19. We have such an implementation using the SDRAM. If I recall well, it works OK at 640x480x8bit. Ideally you should get a memory which is almost 3 times as fast as the fastest datastream you need (read or write). You will also need to arbiter between the read and write requests, and probably will need a read FIFO to account for the jitter of the arbiter (we do exactly that). You may want to take a look here: Alvaro
  20. Indeed. However, we have two FPGA designs. The master designs always loads first, and can set those registers so that when the second (user) design loads, it is already set up. Not sure. I actually think we will not be able to use the method cause PC will always drive DP/DM signals... still to understand and test. I think the idea was to force an USB reset, and that will force DP/DN to go low (Single-Ended zero). May work, may not work... Alvie
  21. Btw, here's the USB wishbone controller:
  22. Any expertise is welcomed What we have put to work so far (with a PPro and my USB wing) packs a simple USB transceiver, so all PHY-related stuff is actually inside the FPGA. This works well for full-speed (12Mbps) and we have a quite generic USB interface for it, with support for most useful endpoint types, but not all (isochronous is not supported). The internal design we have uses also ULPI, so should be fairly simple (never that simple, is it?) to use USB3300 or other ULPI/UTMI chip. But USB 2.0 puts some emphasis on larger endpoint sizes, and memory is not that big internally. My idea (original idea) was to actually have a EHCI interface to the CPU, but not sure it is worth the effort. Not sure when I will be able to test USB3300, I will let you all know when I do. Alvie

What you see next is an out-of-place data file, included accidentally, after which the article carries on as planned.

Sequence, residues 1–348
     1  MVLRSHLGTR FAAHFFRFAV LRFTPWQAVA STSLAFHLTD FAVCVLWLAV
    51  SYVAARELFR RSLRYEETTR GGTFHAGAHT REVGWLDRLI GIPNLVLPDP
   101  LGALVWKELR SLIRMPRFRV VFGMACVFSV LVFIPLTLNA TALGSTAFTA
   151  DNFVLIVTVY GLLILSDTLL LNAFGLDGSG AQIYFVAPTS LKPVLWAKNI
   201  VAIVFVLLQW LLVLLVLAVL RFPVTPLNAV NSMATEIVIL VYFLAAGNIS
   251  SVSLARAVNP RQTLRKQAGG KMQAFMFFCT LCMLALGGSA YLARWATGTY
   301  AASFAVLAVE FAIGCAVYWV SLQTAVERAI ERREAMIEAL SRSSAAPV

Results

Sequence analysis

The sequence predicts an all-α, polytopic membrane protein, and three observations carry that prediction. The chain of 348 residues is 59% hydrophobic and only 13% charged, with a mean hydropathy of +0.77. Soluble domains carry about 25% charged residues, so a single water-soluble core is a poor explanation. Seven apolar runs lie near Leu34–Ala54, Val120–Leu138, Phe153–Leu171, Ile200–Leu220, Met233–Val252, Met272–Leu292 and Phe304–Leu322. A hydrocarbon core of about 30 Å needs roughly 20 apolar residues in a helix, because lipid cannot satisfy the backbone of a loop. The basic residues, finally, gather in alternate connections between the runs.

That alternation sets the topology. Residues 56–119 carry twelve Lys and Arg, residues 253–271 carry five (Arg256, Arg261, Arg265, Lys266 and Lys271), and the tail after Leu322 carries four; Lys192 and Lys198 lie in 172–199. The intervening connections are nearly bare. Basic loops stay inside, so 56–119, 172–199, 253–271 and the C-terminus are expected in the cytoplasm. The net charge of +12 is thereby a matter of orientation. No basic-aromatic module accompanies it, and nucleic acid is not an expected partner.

23. Might well be.. or at least play a role on it. Can you try setting all those actively driven to FAST ?
  24. On the mapping report (.mrp) you should see if your IO pins have dedicated IO registers. +---------------------------------------------------------------------------------------------------------------------------------------------------------+ | IOB Name | Type | Direction | IO Standard | Diff | Drive | Slew | Reg (s) | Resistor | IOB | | | | | | Term | Strength | Rate | | | Delay | +---------------------------------------------------------------------------------------------------------------------------------------------------------+ | CLK | IOB | INPUT | LVTTL | | | | | | | | DRAM_ADDR<0> | IOB | OUTPUT | LVTTL | | 12 | FAST | OFF | | | .... | DRAM_CLK | IOB | OUTPUT | LVTTL | | 12 | FAST | ODDR | | | | DRAM_CS_N | IOB | OUTPUT | LVTTL | | 12 | FAST | | | | | DRAM_DQ<0> | IOB | BIDIR | LVTTL | | 12 | FAST | IFF | | | | | | | | | | | OFF | | | | DRAM_DQ<1> | IOB | BIDIR | LVTTL | | 12 | FAST | IFF | | | | | | | | | | | OFF | | | ... | DRAM_DQM<0> | IOB | OUTPUT | LVTTL | | 12 | FAST | OFF | | | | DRAM_DQM<1> | IOB | OUTPUT | LVTTL | | 12 | FAST | OFF | | | | DRAM_RAS_N | IOB | OUTPUT | LVTTL | | 12 | FAST | OFF | | | | DRAM_WE_N | IOB | OUTPUT | LVTTL | | 12 | FAST | OFF | | | As you can see here, the address lines have OFF in Reg(s) tab, meaning "Output Flip Flop". The Clock line is driven by a ODDR flip flop. The data lines have both OFF and IFF (Input Flip Flop). All other control lines have OFF. This ensures minimal delay from clock to pad, and to chip, and its very important to timing. You seem to have increased one of the timings, though. I wonder it is the same issue we are facing with newer SDRAM parts. Alvie
  25. It may relate to different setup/hold values, and how FPGA routes stuff. Can you check that all your DATA/ADDRESS lines for the SDRAM have IO registers ? Alvie